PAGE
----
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Tines Spread Too Far on Antique Waterman Ideal 514



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theodore94

I have a Waterman 514 that looks just like this (https://www.vintagepens.com/morepics.php?id=14389&pics=11) but with a solid 14kt clip. I bought it off eBay a few years ago. It's probably my favorite pen in my collection from an aesthetics perspective, but I don't know very much about it, and I've never actually used it -- I'm a little too nervous to fill an eyedropper.

 

I tried just dipping it in ink to see what the nib feels like. I see that the nib tines split too far, creating two very faint parallel lines and not really passing any ink through. Does anyone know what I'd have to do to get it back into working condition? What kind of servicing would this require, and would I need to find a specialist to do it?

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  • theodore94 changed the title to Tines Spread Too Far on Antique Waterman Ideal 514
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mizgeorge

It's likely to be a very flexible nib, and it's possible that you're putting too much pressure on it if it's railroading that badly - have you tried just the lightest of lines with literally no downward pressure at all? 

 

Can you share a picture of the nib as it is at the moment?

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theodore94

I will share more in the morning, when there is enough light to take a decent picture. Just to give you a sense, this is vaguely what it looks like pressed against the paper.

 

 

Would you like to see it not pressed against the paper, as well?

 

 

image_55415491.JPG

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theodore94

UPDATE: I just tried barely pressing against the paper, and it does seem to work much better! Do you have any idea how to fill it? I know it's an "eyedropper", and the section comes off the barrel... do I buy an eyedropper to drop ink into the barrel? Can I use a syringe (which I use to refill cartridges)?

 

Thanks!!

 

 

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shalitha33

simply unscrew the section and fill the barrel with either a syringe or an eyedropper. Anything that allow you to put in ink to the barrel without spilling out will do.

don't put too much pressure when writing with vintage nibs, they really don't need much pressure to open up.

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mizgeorge
7 hours ago, shalitha33 said:

simply unscrew the section and fill the barrel with either a syringe or an eyedropper. Anything that allow you to put in ink to the barrel without spilling out will do.

don't put too much pressure when writing with vintage nibs, they really don't need much pressure to open up.

One of the biggest problems people have with vintage nibs, especially if they are unused to them, is just how little pressure they need. They are from an age where ballpoints and rollerballs didn't exist, and only a very light hand was necessary to write with them. Don't look at videos of people pressing down on nibs trying to get ultra wide lines, just write, very lightly, and let the nib do everything for you. They can be incredibly rewarding once you get used to them, but overdoing it risks springing, and ruining the nib.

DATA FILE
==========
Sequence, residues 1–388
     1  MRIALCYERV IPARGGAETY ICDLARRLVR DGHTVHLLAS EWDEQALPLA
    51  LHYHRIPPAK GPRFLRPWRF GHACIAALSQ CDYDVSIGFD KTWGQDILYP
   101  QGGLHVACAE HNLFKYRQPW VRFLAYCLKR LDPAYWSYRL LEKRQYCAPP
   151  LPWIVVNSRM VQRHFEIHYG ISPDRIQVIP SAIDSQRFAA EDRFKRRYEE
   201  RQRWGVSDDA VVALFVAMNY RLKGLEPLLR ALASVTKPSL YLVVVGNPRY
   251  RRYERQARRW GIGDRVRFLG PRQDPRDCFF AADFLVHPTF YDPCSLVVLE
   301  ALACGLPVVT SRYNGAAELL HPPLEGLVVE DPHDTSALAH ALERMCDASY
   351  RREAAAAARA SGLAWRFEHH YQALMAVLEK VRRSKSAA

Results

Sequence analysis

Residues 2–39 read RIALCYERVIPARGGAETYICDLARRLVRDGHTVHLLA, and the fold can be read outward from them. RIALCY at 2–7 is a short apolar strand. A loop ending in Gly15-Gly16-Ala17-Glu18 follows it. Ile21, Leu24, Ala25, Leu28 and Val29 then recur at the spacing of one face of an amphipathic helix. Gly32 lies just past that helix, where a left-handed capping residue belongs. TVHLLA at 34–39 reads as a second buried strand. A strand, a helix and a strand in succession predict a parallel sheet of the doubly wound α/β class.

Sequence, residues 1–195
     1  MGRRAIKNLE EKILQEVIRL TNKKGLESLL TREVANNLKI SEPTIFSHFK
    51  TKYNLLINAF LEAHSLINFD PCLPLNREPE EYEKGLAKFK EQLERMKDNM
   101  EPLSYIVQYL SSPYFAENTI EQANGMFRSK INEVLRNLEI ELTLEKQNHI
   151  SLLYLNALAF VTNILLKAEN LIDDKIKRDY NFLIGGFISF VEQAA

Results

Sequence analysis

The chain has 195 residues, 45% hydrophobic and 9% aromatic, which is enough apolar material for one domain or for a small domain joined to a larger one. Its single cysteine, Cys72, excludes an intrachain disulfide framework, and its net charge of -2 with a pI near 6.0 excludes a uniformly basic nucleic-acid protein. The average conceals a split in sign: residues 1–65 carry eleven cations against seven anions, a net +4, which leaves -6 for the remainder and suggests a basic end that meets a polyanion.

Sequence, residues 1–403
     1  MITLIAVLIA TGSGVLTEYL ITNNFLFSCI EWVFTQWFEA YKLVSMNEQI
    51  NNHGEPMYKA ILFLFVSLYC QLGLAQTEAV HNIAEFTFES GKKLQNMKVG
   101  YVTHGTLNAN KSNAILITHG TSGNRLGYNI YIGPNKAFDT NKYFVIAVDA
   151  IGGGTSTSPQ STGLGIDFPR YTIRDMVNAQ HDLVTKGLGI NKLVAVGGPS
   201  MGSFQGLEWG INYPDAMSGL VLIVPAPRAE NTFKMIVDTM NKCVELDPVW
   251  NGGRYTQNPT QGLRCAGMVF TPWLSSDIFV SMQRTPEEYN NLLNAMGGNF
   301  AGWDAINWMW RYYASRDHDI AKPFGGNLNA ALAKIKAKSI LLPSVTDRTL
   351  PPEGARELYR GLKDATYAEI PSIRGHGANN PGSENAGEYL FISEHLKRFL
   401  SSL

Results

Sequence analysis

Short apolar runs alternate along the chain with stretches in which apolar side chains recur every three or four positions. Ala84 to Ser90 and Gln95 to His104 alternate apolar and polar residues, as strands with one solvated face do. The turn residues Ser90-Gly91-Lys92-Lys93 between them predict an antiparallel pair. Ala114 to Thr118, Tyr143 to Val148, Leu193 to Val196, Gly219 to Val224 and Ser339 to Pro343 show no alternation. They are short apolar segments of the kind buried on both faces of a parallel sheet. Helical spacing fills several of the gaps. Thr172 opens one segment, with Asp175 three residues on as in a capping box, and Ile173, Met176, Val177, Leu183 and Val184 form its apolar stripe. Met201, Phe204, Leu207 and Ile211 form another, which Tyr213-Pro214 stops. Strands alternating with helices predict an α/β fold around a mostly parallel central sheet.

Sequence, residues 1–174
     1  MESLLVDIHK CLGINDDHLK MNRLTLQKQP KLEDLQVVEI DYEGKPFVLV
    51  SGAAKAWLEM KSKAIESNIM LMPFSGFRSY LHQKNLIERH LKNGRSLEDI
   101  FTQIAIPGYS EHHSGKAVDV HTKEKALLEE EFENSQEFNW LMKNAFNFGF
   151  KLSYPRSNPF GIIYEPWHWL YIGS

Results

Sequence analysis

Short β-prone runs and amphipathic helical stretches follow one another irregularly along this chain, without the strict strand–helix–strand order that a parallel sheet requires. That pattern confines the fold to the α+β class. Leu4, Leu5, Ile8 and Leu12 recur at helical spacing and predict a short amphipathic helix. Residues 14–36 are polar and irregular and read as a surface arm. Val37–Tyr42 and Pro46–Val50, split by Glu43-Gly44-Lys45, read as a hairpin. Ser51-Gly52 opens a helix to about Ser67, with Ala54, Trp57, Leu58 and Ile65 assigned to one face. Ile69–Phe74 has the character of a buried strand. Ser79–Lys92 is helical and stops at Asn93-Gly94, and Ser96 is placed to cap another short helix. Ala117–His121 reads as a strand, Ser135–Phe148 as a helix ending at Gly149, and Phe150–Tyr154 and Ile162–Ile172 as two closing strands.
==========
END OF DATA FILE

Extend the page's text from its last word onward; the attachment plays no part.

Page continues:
These are absolutely beautiful pens, and can give a writing experience almost like no other. 

 

Do watch out for the odd ink burp - it can happen with eyedroppers, especially when they're not full enough ;)

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Looks like the nib is inserted too far.  Note that the feed and nib both have a broader area (rear) and a tapering area.  The tapering area of the nib should lie approximately even with the tapering area of the feed.  If the nib is further back, the shoulders of the feed can force the tines apart.  Looks like your nib needs to come forward a few mm.  Ideally, the size number should be visible just in front of the section barrel.  Sadly, the section barrel of many vintage pens is worn and it is common to see nibs forced quite far in to minimize leaking.  A solution (sometimes) is to take the nib and feed out and "reset" the feed.  Better is to send the pen to someone who can fix or replace the section.

 

 

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theodore94

Hi Cunim,

 

Do you know anyone who can do that for me? Is it safe to try out the pen before I get that issue repaired?

 

Thanks!

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mizgeorge
26 minutes ago, cunim said:

Looks like the nib is inserted too far.  Note that the feed and nib both have a broader area (rear) and a tapering area.  The tapering area of the nib should lie approximately even with the tapering area of the feed.  If the nib is further back, the shoulders of the feed can force the tines apart.  Looks like your nib needs to come forward a few mm.  Ideally, the size number should be visible just in front of the section barrel.  Sadly, the section barrel of many vintage pens is worn and it is common to see nibs forced quite far in to minimize leaking.  A solution (sometimes) is to take the nib and feed out and "reset" the feed.  Better is to send the pen to someone who can fix or replace the section.